The town of Kalavryta, in Western Greece, is now chiefly known as a mountain resort. On December 13, 1943, it was the site of the greatest massacre perpetrated by the occupying German troops in Greece.
A few days earlier, Greek partisans operating in the area had executed 78 German soldiers they had held captive since October.
More than 500 males aged 12 and over were machine-gunned, while the women and children only managed to escape a school set ablaze reportedly because a German soldier disobeyed orders and allowed them to get out. Including operations in nearby villages, about 700 civilians were killed, 1,000 houses looted and burned and 2,000 livestock seized.
A memorial has been built on the site of the massacre. On April 18, 2000, then German president Johannes Rau visited the site to express his peoples’ feelings of sorrow and remorse for the massacre. Years earlier, German schoolchildren had visited and helped clean up the memorial.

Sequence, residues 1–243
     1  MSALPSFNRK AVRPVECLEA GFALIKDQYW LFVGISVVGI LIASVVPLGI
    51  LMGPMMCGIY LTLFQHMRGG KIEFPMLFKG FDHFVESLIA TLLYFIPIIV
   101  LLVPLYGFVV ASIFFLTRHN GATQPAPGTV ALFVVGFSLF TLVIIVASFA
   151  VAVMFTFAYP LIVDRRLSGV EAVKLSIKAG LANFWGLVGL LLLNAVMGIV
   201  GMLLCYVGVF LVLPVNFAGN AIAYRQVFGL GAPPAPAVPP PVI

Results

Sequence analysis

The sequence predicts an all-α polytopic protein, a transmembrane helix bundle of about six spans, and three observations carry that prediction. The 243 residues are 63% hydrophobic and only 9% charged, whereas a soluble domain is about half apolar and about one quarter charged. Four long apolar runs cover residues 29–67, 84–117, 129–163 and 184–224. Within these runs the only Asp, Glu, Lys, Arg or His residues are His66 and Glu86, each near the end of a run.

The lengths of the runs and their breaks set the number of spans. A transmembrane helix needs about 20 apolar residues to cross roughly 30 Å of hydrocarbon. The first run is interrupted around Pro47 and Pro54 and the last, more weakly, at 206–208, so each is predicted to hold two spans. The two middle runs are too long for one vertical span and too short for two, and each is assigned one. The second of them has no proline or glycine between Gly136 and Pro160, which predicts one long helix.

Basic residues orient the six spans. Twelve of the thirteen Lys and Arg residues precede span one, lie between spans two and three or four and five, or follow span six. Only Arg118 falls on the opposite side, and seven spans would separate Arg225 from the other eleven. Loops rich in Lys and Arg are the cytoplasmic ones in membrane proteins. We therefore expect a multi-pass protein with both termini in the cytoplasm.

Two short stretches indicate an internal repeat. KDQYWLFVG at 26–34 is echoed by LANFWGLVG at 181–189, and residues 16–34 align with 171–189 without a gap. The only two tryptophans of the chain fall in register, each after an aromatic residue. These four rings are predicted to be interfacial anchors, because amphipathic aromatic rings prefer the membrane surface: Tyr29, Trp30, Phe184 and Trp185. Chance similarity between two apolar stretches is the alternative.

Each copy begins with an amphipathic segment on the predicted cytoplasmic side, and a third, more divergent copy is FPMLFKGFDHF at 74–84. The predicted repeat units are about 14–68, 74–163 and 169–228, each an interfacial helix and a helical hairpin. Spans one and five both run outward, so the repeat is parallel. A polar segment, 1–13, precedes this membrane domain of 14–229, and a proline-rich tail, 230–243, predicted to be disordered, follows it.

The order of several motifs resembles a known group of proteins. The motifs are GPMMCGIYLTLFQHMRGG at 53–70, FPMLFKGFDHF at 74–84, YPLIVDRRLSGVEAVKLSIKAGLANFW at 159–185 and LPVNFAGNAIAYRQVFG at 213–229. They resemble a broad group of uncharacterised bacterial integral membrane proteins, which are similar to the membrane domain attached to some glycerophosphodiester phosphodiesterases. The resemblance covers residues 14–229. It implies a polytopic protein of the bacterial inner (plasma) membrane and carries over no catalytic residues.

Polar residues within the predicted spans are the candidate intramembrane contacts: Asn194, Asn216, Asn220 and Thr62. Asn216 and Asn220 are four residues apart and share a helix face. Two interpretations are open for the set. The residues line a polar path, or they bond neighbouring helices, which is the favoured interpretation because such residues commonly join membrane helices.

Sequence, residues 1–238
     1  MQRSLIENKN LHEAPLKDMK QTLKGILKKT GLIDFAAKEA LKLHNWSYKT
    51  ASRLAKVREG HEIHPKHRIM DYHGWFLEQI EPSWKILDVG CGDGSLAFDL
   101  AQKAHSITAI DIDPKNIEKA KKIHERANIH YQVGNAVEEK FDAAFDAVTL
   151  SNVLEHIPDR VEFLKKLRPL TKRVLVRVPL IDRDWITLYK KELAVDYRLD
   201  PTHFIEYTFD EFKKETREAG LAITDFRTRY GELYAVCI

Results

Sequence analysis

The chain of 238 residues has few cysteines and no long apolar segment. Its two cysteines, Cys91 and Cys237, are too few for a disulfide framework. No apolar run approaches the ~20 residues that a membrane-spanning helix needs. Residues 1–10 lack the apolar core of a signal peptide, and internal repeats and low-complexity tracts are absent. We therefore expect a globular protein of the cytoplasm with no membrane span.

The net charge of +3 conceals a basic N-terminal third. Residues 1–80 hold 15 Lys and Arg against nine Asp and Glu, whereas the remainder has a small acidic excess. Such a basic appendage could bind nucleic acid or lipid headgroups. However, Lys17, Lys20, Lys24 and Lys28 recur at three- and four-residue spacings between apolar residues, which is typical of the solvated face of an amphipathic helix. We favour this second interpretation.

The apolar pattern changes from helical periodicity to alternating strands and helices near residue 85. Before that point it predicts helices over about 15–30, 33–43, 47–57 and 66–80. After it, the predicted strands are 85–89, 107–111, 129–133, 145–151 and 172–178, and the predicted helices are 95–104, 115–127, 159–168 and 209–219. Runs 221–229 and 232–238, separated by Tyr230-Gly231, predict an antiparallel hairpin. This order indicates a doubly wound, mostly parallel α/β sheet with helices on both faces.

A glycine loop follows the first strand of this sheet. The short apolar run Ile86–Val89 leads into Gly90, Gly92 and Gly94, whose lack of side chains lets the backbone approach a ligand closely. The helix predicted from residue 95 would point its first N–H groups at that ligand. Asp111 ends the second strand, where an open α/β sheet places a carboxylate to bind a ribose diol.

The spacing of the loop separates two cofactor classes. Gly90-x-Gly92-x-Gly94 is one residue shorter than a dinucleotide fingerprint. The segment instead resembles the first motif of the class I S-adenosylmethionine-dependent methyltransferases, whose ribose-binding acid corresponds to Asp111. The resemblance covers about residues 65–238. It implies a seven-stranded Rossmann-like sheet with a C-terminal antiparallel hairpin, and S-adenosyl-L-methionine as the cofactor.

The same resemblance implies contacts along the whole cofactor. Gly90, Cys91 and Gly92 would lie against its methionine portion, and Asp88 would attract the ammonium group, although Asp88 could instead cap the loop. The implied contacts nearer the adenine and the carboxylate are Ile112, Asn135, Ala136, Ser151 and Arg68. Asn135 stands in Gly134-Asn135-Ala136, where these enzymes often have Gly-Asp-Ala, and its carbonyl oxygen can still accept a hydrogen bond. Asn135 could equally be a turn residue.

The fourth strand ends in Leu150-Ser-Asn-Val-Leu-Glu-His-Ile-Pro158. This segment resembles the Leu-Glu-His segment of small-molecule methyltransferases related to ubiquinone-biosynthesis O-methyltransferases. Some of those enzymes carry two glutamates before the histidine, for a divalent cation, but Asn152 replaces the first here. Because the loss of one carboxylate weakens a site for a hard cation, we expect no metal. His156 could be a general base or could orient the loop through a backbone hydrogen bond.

Greek Prime Minister Alexis Tsipras, who will meet Chancellor Angela Merkel in Berlin Monday, has revived the issue of German compensation for crimes like these. The Germans have responded that the issue of reparations has been conclusively settled.
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